We all have so many defining moments in our lives; things we experience that make us what we are and who we are.  A conscious, focused bit of self-examination can reveal quite a lot to us about why we think and feel the way we do.

I’ve had a rather large number of slaps up-side the head like this, all from God, or possibly my angel, bidding me to “Look!  Pay Attention To What You Are Seeing!”

One such incident occurred when I was a student nurse – I was both privileged and horrified to see a miscarried fetus.

Just so you know all the facts, before I became a mother and before I went to nursing school, I worked for Planned Parenthood in a small town in Utah.  I was very young, very modern, very-everything-80’s.  I was also very conflicted about the job I was doing – I just didn’t quite realize it at the time.

It annoyed me to schedule exams for 14 year old girls so they could get birth control.  Sometimes their mothers were with them, but most of the time they were alone or with friends.

It annoyed me to look up and hand over the phone number to the Utah Women’s Clinic, the only abortion provider in Utah.

Still, I was rather nonchalant about the whole thing.  It was a job, it paid the bills.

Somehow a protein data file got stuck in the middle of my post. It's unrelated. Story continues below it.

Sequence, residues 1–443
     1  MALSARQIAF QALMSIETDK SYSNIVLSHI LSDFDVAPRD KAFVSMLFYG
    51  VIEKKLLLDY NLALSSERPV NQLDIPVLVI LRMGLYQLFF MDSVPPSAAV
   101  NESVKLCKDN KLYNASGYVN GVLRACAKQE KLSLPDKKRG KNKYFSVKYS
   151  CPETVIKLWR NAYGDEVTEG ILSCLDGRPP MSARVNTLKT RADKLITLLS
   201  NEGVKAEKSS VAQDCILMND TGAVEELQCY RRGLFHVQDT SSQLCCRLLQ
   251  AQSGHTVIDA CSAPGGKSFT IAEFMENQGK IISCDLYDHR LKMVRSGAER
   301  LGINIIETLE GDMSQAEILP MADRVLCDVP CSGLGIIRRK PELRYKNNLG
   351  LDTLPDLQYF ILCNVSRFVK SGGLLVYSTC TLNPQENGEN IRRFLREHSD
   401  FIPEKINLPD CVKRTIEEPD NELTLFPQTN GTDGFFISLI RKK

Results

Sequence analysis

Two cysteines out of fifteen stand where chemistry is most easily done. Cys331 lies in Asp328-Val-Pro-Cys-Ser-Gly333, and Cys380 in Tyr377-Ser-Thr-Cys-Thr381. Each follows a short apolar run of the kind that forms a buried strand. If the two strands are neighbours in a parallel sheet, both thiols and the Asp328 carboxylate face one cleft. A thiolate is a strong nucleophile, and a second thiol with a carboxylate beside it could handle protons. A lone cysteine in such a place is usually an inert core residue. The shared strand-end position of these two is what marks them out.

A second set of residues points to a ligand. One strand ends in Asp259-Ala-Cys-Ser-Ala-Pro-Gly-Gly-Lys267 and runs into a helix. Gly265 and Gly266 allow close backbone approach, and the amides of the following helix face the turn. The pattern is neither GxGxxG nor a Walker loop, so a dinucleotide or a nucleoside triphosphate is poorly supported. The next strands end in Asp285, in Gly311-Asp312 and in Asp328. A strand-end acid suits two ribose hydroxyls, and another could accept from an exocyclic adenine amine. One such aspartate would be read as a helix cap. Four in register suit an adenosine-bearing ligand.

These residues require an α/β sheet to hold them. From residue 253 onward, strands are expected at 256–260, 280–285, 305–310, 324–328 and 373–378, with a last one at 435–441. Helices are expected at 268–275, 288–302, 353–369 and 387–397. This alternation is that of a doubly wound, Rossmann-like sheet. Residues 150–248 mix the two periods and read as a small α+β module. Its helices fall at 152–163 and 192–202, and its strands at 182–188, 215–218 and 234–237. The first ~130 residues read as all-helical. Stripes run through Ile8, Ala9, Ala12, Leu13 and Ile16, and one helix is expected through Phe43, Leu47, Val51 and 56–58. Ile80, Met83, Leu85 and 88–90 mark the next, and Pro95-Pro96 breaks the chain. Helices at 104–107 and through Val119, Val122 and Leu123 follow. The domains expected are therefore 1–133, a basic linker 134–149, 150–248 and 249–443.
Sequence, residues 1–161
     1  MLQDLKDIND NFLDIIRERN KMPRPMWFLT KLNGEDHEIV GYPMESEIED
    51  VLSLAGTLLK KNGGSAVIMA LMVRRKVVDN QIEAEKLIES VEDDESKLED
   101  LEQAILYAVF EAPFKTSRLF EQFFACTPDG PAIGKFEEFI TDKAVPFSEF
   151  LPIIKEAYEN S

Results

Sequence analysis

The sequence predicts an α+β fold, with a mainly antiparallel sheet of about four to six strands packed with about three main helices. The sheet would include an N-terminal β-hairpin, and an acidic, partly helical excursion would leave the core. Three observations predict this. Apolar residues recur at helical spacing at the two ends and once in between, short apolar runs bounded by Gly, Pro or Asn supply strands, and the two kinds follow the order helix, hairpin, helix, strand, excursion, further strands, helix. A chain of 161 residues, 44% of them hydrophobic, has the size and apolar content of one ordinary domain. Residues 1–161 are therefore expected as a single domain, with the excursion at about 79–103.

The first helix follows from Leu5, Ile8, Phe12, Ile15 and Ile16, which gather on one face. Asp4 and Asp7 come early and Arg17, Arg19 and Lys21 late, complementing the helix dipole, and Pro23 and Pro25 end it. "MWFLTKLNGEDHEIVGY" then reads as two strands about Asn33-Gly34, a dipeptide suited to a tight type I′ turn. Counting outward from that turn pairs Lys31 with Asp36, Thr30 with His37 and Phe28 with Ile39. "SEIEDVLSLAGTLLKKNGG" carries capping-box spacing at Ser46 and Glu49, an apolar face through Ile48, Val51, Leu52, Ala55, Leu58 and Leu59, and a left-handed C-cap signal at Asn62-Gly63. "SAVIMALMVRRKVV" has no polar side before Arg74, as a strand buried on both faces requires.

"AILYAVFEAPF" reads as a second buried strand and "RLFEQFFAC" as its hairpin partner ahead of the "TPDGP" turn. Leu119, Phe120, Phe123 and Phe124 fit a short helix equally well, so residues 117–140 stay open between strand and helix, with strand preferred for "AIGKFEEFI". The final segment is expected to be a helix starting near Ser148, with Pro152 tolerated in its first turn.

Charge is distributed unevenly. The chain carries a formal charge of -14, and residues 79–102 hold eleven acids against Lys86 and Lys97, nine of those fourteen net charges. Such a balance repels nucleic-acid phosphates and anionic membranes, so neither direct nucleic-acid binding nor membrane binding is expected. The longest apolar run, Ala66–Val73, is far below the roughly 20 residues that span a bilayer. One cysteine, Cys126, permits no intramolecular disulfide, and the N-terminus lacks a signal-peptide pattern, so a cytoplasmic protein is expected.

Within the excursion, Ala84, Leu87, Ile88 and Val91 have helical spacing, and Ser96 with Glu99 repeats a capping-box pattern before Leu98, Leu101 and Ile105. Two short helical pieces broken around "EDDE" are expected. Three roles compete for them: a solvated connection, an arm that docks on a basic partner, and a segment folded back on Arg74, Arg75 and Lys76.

Ironically, besides me, the three women I worked with, a nurse practitioner, a public relations rep, and a board member, were all Catholic.

Four Catholics working for Planned Parenthood.

But back to the story.  There I was, student nurse at work in a hospital rotation.  One of my instructors called me back to the obstetrics department and when I got there I found her holding a stainless steel bowl with a blue towel in it.  I was afraid to look – who wants to see a placenta?  Ick.

But then I heard a wailing coming from just down the hall; a sound like none I’d ever heard before and in that instant I knew what was in the bowl.

My teacher pulled back the cloth, and there, nestled in the folds, was a perfect 5 month old fetus – a boy.  He was smaller than any doll I’d ever seen, and he was exquisite.  His mother was devastated.  She wasn’t hysterical, she wasn’t shrieking.  The sorrow in her soul was emanating from her mouth.

It changed me.  Just as another pivotal event that had occurred earlier in my life changed me, it happened quietly, softly, in my heart, in spite of the goings-on around me.

I won’t forget that baby, ever.  I’ll never forget the mother’s sorrow – it’s been over 20 years and the memory is fresh and vibrant in my mind.

I’m grateful for it.

Over and out.

P.S.  About a week before I was due to deliver my first child, I was fired, without cause, from that job.  I have no doubt that it was divine intervention that occurred, and that it was the beginning of my salvation.